What does a Food Server do?
Food Servers work at restaurants and catering companies to welcome guests and provide them with an enjoyable dining experience. Their role is to be the guest’s main point of communication with the kitchen and bar. Food Servers work as a team with front-of-house staff to welcome customers, direct them to their seats and take their orders. They engage in friendly conversation with their tables to make them feel comfortable and provide a hospitable environment, delivering food on time and at the correct temperature. Food Servers also maintain cleanliness in the dining room and correct any issues with meals.
Food Server skills and qualifications
Food Servers use a combination of soft skills to help customers and support other restaurant staff, including:
- Excellent customer service, including patience and a friendly demeanor
- Exceptional organization and time management
- Effective written and verbal communication skills
- Great active listening skills
- Ability and willingness to collaborate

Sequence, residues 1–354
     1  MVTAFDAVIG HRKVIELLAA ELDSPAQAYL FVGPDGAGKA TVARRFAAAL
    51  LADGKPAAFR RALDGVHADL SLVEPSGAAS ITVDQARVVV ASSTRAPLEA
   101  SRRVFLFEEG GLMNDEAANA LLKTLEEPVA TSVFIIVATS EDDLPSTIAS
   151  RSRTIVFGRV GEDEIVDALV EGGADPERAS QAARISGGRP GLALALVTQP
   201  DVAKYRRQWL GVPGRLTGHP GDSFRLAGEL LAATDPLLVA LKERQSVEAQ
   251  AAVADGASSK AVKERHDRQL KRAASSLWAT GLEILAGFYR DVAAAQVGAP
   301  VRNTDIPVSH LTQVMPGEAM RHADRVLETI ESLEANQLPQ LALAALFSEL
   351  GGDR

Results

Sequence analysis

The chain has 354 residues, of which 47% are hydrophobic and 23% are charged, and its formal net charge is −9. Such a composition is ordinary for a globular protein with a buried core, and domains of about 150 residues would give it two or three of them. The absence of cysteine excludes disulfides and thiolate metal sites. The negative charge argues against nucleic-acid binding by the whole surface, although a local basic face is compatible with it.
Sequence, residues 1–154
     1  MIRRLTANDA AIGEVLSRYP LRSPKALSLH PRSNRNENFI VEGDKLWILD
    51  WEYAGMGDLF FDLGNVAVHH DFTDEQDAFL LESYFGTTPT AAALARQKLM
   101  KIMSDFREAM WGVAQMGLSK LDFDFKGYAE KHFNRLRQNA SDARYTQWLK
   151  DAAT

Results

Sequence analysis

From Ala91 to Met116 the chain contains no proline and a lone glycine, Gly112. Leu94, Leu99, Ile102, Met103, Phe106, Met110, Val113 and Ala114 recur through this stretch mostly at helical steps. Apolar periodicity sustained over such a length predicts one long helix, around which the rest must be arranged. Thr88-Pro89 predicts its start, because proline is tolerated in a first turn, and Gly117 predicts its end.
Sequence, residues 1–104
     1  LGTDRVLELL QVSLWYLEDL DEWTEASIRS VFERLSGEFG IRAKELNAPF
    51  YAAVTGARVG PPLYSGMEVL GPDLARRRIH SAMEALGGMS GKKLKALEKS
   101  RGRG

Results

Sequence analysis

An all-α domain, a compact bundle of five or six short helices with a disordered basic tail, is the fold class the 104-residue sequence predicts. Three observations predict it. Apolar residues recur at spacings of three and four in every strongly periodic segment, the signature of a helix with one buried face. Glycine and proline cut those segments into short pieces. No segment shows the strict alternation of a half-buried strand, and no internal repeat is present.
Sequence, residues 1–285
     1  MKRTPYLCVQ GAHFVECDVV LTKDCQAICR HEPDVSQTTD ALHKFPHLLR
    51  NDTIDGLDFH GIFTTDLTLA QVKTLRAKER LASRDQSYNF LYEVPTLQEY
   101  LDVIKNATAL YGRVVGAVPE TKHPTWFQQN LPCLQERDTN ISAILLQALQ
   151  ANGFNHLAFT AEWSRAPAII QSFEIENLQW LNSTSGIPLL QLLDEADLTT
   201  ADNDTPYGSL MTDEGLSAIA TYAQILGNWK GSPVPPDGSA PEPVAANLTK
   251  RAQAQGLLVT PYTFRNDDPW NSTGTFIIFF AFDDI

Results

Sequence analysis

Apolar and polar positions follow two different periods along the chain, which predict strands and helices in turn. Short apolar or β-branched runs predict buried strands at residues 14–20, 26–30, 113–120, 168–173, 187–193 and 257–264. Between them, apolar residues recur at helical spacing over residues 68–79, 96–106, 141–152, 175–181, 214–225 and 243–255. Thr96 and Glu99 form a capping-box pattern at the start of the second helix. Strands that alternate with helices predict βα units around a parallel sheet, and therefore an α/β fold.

- Knowledge of foodservice regulations and proper food handling procedures
- Capability to learn quickly and memorize menu details
- Comfortable working in a fast-paced environment
- Willing to work flexible work schedules that include nights and weekends
- Physically able to be on their feet for extended periods and lift up to 25 pounds unassisted
Food Server salary expectations
A Food Server makes an average of $11.82 per hour. Pay rate may depend on their level of experience, education and geographical location.
Food Server education and training requirements
Many Food Servers are qualified with some high school education on track to complete their diploma, though some candidates have completed their high school education or have earned a GED and may even be in the process of completing higher education. Food Servers typically complete training through previous relevant experience or on-the-job training once hired. Food Server candidates with previous experience may already have a ServSafe certification that demonstrates their knowledge of food handling regulations and best practices. Other candidates may be in the process of or be willing to complete one.
Food Server experience requirements
Entry-level Food Server candidates may not have previous relevant experience but be suitable fr on-the-job training. Entry-level candidates or those with limited to no experience may also provide training and leadership opportunities to more senior employees. Candidates with years of relevant experience, especially in the same industry or setting, are more likely to quickly adjust to their new role and save time on on-the-job training.
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